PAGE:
This week’s fit-fact? Stand up! This tip comes from Dr. Oz who warns of the consequences of America’s “sitting epidemic.”
If you’re like the average American, you spend nearly eight hours a day – more than 50 hours a week – sitting down, according to Vanderbilt University researchers. And it can cause health problems.
When you’re sitting, your body undergoes a metabolic slowdown. You use less blood sugar for energy, and you burn fewer calories. Sitting also decreases the activity of an enzyme called lipoprotein lipase, which works to eliminate fats in the blood. The worst part: even regular exercise won’t protect you. Research has shown that if you spend long periods sitting, you’ll have a larger waist, greater body mass index, and higher levels of blood sugar and blood fats than someone who takes frequent breaks to stand or stretch – regardless of how often you lace up your running shoes. Ultimately, spending more time on your feet means a longer life. Here are some tips:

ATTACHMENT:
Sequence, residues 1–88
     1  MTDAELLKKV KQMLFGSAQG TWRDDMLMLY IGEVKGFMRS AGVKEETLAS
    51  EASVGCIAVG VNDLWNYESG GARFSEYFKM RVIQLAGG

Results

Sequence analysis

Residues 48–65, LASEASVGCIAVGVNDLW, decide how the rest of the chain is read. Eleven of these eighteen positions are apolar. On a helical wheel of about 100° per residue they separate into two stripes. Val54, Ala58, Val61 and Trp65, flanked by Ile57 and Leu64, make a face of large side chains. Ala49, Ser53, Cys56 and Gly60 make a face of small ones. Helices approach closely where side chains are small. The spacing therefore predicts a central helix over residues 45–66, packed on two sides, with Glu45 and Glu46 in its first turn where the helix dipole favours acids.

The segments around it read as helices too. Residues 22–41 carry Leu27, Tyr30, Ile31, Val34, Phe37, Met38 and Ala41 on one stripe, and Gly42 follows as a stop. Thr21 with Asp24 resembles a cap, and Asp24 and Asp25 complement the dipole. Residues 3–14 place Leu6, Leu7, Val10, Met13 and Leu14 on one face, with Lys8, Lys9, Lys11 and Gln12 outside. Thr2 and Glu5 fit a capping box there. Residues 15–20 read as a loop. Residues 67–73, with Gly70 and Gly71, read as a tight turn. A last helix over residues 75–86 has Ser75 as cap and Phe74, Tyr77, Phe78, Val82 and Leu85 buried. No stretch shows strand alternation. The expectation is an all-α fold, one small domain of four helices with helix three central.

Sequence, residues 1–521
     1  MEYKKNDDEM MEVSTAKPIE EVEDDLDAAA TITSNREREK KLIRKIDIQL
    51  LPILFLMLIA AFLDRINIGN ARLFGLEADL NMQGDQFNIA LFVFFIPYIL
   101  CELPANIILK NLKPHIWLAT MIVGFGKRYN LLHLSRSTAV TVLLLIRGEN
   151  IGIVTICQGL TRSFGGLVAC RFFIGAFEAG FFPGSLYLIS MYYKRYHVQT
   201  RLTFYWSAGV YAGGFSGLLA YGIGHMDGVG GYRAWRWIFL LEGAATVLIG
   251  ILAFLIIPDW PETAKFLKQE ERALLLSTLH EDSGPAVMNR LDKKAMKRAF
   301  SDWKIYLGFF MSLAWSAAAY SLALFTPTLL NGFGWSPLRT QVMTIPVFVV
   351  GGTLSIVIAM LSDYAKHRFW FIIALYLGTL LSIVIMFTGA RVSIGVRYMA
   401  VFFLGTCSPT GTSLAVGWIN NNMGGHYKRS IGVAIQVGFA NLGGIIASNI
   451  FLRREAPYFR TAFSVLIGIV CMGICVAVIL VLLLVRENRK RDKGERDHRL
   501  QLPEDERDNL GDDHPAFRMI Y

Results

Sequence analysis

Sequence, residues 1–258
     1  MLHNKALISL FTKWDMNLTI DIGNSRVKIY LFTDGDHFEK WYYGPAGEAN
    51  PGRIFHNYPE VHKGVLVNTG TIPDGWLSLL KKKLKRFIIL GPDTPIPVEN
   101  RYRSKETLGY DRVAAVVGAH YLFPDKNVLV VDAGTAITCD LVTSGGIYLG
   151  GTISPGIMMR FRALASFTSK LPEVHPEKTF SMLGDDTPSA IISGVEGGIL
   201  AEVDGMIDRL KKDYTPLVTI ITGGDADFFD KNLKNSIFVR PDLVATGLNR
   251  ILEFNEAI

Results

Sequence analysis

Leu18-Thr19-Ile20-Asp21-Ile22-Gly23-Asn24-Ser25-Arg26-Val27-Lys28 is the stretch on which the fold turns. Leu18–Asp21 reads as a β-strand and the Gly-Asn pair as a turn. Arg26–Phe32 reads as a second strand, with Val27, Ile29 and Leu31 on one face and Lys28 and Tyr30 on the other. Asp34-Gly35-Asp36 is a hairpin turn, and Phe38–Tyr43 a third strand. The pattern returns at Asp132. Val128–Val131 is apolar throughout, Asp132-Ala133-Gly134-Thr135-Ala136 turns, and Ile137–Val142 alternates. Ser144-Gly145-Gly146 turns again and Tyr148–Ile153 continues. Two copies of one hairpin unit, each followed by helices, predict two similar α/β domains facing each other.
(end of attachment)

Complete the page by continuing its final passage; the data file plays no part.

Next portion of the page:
1. For every hour you add to your average daily TV time, you increase your risk of metabolic syndrome – a group of conditions that can predispose you to heart disease, stroke, and diabetes – by more than 25 percent. So, try walking on a treadmill or sit on an energy ball while you watch TV.
2. Try to take long phone calls (as conference calls) outside walking in a park or in your back yard.
3. And try to walk as much as you can: walk instead of driving your car, parking farther from your destination and taking the stairs.
I pray that this next week will be one where you can be a mom and a working mom with less stress and more joy!